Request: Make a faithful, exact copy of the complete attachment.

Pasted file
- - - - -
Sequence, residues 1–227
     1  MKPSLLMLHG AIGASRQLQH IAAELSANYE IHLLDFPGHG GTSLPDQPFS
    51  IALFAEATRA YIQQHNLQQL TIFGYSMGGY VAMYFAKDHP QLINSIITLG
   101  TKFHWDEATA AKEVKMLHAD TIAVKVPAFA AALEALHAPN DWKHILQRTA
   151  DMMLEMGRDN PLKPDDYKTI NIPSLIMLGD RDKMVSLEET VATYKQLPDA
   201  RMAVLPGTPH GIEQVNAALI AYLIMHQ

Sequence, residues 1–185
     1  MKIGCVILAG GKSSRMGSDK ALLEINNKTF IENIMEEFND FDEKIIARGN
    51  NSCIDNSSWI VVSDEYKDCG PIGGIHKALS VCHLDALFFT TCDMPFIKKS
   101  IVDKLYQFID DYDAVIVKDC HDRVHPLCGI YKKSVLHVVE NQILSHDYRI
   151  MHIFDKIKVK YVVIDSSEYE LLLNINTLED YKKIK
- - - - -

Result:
Sequence, residues 1–227
     1  MKPSLLMLHG AIGASRQLQH IAAELSANYE IHLLDFPGHG GTSLPDQPFS
    51  IALFAEATRA YIQQHNLQQL TIFGYSMGGY VAMYFAKDHP QLINSIITLG
   101  TKFHWDEATA AKEVKMLHAD TIAVKVPAFA AALEALHAPN DWKHILQRTA
   151  DMMLEMGRDN PLKPDDYKTI NIPSLIMLGD RDKMVSLEET VATYKQLPDA
   201  RMAVLPGTPH GIEQVNAALI AYLIMHQ

Sequence, residues 1–185
     1  MKIGCVILAG GKSSRMGSDK ALLEINNKTF IENIMEEFND FDEKIIARGN
    51  NSCIDNSSWI VVSDEYKDCG PIGGIHKALS VCHLDALFFT TCDMPFIKKS
   101  IVDKLYQFID DYDAVIVKDC HDRVHPLCGI YKKSVLHVVE NQILSHDYRI
   151  MHIFDKIKVK YVVIDSSEYE LLLNINTLED YKKIK